Also in today's EMEA regional roundup: O2 splurges on small cells in London; Nokia trials public-safety innovations in Finland; Bouygues' numbers up.
South Africa's MTN Group Ltd. says it has completed a successful commercial implementation of Licensed-Assisted Access (LAA) technology in Pretoria, the administrative capital of the country. The project was a collaboration with Huawei Technologies Co. Ltd. , which supplied its LampSite basestation, and Qualcomm Inc. (Nasdaq: QCOM), which brought its Snapdragon 835 mobile platform to the party. LAA is a variant of LTE, which enables LTE networks to make use of unlicensed spectrum to increase network capacity. The project follows a similar one in Turkey earlier this year involving Huawei, Qualcomm and Vodafone Group plc (NYSE: VOD). (See Eurobites: Vodafone & Huawei Enter LAA Land.)
Telefónica UK Ltd. (O2) is to splurge £80 million (US$103 million) on installing 1,400 small cells in London to enhance current connectivity and help pave the way for 5G technology. Its partner in the project, which is scheduled to start later this year, will be Cisco Systems Inc. (Nasdaq: CSCO).
Nokia Corp. (NYSE: NOK) has trialed the use of some new features -- some of them involving the use of video in an emergency scenario -- on the public-safety network in Finland, where the authorities are preparing to make the transition from a TETRA-based system to one grounded in commercial LTE networks. The trial was carried out in partnership with Telia Finland and State Security Networks, the country's public-safety network provider. In the UK, the TETRA network was also abandoned, being replaced by an LTE-based network operated by EE . (See Eurobites: EE Lands Emergency Services Deal.)
French conglomerate Bouygues saw its first-quarter results boosted by the performance of its telecom arm, with EBITDA (earnings before interest, tax, depreciation and amortization) rising €97 million ($107.7 million) year-on-year, to €243 million ($270.1 million), on revenue that rose 8% to €1.22 billion ($1.35 billion). Bouygues Telecom added an impressive 364,000 mobile subscribers during the quarter, and signed up another 144,000 to its FTTH services.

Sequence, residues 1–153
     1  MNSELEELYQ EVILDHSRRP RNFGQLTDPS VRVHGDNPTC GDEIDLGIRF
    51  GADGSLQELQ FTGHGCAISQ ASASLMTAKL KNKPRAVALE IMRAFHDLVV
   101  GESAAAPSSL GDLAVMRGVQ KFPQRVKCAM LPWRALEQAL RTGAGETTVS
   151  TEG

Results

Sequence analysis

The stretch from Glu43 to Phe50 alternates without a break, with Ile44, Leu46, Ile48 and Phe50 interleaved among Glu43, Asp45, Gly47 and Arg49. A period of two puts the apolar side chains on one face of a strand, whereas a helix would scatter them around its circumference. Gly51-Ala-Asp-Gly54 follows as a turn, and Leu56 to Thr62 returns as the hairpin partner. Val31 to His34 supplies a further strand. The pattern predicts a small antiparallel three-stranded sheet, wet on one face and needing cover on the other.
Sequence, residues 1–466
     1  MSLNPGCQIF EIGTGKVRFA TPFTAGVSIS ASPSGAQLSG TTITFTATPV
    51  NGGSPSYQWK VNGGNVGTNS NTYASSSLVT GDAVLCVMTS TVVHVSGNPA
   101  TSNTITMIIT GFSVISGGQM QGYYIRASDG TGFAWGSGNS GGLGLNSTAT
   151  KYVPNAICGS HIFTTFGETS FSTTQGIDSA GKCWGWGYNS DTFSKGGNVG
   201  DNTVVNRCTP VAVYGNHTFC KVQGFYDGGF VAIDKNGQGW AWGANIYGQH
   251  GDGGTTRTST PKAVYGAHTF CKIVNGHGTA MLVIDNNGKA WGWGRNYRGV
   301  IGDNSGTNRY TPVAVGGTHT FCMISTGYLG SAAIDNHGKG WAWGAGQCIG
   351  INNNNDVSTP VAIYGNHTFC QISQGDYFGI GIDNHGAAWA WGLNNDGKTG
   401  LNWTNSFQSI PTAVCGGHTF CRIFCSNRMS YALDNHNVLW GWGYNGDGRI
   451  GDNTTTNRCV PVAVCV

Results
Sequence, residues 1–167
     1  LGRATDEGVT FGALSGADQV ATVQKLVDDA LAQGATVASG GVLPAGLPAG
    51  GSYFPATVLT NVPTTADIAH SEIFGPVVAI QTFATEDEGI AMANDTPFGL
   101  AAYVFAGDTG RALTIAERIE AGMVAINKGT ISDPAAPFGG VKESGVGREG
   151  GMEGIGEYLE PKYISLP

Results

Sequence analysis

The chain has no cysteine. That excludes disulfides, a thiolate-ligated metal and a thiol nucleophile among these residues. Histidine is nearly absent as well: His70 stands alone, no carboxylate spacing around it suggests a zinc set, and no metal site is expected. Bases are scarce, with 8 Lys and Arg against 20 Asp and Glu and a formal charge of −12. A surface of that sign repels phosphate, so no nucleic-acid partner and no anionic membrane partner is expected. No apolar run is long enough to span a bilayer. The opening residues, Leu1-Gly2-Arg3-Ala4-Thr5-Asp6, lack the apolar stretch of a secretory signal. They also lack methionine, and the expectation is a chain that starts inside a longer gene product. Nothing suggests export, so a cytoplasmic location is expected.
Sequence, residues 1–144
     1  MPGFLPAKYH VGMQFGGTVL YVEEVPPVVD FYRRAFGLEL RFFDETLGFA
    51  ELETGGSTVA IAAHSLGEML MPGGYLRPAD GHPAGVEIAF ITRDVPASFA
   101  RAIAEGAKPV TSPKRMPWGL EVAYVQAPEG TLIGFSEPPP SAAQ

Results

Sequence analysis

BT Group plc (NYSE: BT; London: BTA) is to screen soccer's UEFA Champions League final on June 3 in 4K Ultra HD and in 360-degree virtual reality formats, both for paying customers of BT Sport and -- in a move that might leave those same paying customers feeling a little aggrieved -- for everyone to see for free on YouTube.
Also appearing in UHD in June will be the Isle of Wight Festival, which Sky (NYSE, London: SKY) has bagged the rights to for its Sky Arts channel. Performing within earshot (if the wind is in the right direction) of Eurobites Towers, this year's line-up includes croaky blonde-botherer Rod Stewart and loads of other acts Team Eurobites has never heard of. So they can't be any good.
The Isle of Wight Festival: Now available in Ultra HD.
Light Reading founder Steve Saunders talks with VMware's Shekar Ayyar, who explains why cloud architectures are becoming more distributed, what that means for workloads, and why telcos can still be significant cloud services players.
A CSP's digital transformation involves so much more than technology. Crucial – and often most challenging – is the cultural transformation that goes along with it. As Sigma's Chief Technology Officer, Catherine Michel has extensive experience with technology as she leads the company's entire product portfolio and strategy. But she's also no stranger to merging technology and culture, having taken a company — Tribold — from inception to acquisition (by Sigma in 2013), and she continues to advise service providers on how to drive their own transformations. This impressive female leader and vocal advocate for other women in the industry will join Women in Comms for a live radio show to discuss all things digital transformation, including the cultural transformation that goes along with it.